Young People Without Borders (YPWB), a youth-led community based-organisation in Siffoe, Kombo South District in the West Coast Region, on Saturday planted over 10,000 mangrove saplings and over 150 tree species along the Siffoe-Dombondirr River to tackle erosion along the river banks.
The organisation conducted the exercise in collaboration with the community of Dombondirr in the Southern Senegalese province of Cassamance.
Kaifa Kanteh, President of YPWB affirmed that they are doing their best to replace lost mangroves and trees along the river in order to tackle erosion in the area.
He observed that cutting of trees has led to serious soil erosion in the area and “if it is left like that it can contribute to serious climate change”.
He opined that planting more mangrove saplings would help revive the lost riches of the river.
“We indiscriminately cut down trees without replacing them and that is not good for our environment,” he cautioned.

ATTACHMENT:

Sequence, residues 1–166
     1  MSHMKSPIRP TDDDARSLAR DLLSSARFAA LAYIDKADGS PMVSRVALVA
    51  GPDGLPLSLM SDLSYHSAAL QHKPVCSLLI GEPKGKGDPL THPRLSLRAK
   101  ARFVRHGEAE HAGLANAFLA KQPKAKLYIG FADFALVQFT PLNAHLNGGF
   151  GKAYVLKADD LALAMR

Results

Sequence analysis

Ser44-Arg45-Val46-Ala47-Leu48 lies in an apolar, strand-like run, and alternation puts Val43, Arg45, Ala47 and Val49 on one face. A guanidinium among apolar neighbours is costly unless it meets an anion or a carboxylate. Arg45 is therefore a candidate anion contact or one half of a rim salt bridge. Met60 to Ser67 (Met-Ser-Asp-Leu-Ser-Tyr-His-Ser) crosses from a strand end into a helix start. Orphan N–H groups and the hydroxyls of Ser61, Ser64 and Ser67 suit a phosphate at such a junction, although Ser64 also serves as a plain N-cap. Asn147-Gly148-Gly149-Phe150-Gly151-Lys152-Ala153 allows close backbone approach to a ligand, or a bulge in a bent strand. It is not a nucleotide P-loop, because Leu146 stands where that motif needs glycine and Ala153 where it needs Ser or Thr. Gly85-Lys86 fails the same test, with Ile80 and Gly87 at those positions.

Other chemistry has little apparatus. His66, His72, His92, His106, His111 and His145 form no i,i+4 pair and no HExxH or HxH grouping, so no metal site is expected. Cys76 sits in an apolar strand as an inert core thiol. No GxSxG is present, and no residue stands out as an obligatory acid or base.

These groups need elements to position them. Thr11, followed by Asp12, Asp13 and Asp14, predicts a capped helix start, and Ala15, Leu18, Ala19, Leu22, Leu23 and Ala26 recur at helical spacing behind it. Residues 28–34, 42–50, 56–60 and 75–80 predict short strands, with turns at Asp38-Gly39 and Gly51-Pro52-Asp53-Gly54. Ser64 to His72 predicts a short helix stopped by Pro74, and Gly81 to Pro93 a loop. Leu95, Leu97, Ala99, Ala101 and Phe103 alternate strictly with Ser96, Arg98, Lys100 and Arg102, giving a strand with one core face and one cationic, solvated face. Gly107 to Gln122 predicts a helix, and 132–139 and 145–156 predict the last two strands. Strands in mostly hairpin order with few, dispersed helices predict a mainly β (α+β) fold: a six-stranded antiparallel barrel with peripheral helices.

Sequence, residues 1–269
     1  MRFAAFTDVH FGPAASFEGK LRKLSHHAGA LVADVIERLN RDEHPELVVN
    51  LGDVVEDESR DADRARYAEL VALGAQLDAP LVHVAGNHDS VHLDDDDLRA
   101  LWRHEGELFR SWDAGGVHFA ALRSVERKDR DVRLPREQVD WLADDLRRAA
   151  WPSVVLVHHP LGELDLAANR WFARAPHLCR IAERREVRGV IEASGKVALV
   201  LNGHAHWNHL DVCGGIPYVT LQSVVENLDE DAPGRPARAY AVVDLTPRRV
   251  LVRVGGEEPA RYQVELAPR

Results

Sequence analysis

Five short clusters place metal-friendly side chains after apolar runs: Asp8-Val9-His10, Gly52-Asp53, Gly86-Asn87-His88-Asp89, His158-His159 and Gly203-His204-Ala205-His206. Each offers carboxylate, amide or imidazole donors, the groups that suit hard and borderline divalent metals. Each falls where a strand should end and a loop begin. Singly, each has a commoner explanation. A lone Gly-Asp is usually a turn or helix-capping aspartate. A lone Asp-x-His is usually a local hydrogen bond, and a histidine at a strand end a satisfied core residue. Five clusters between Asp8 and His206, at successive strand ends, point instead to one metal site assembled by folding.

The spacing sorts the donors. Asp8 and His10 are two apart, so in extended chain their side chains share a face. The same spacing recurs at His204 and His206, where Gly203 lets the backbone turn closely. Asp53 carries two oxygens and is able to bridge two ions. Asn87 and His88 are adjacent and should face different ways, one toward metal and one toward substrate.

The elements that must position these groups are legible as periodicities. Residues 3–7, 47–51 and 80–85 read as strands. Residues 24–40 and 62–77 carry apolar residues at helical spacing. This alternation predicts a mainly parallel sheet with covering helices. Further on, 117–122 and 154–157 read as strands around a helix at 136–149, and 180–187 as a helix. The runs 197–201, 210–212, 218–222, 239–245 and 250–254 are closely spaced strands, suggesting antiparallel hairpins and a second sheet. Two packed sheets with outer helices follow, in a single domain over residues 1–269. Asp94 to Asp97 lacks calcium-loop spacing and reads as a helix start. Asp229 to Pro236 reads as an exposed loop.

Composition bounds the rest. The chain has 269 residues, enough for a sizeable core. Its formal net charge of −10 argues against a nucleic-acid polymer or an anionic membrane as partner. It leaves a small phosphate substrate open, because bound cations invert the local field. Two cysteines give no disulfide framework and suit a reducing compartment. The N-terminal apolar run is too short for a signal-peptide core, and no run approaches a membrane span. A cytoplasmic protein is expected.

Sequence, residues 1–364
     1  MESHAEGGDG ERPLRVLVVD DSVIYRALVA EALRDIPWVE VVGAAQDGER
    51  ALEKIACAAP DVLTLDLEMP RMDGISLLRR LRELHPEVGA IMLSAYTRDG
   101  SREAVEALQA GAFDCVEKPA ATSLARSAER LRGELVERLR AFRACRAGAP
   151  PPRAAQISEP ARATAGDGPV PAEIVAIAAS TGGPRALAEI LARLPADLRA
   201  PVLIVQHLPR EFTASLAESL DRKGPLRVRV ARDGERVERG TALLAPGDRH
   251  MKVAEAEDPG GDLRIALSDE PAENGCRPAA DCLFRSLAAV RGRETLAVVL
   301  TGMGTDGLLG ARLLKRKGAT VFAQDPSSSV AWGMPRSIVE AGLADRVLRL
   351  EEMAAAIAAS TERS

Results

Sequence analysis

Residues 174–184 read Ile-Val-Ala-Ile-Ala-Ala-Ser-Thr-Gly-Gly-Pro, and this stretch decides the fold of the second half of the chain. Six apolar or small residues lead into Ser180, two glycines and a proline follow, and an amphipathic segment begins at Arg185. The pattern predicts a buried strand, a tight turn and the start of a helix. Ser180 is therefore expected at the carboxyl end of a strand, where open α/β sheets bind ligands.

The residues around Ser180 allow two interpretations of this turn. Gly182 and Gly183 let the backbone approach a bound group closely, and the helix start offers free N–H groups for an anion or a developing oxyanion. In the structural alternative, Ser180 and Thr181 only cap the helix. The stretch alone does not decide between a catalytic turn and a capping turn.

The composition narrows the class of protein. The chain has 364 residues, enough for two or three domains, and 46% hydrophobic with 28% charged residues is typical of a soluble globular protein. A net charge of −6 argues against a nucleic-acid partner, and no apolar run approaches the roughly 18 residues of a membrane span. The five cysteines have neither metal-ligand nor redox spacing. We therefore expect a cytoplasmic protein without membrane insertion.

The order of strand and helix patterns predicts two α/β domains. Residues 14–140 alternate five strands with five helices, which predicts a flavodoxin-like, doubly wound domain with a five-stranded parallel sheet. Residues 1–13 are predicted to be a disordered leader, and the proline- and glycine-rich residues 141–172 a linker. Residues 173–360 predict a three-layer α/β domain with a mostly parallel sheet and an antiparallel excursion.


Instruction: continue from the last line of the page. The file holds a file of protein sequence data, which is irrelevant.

Lamin Drammeh from the Global Environment Facility (GEF) Coastal Resilient project said planting of trees is one aspect of the project and described the move as a right step in addressing climate change. “Planting trees at the upland areas will avoid lowland erosion.”
Karamo Fatty, Public Relations Officer of YPWB and Ebrima Jallow, Chairman of Siffoe Village Development Committee, both commended the participants for their commitment to safe the country’s environment, saying planting mangroves along the river would help to address climate change and even fish from extinction.
Alagie Omar Sanneh and Nfansu Jatta from Dombondirr, both expressed optimism that the planted trees “if taken with great care would immensely contribute to addressing the effects of climate change”.
by Fatou Gassama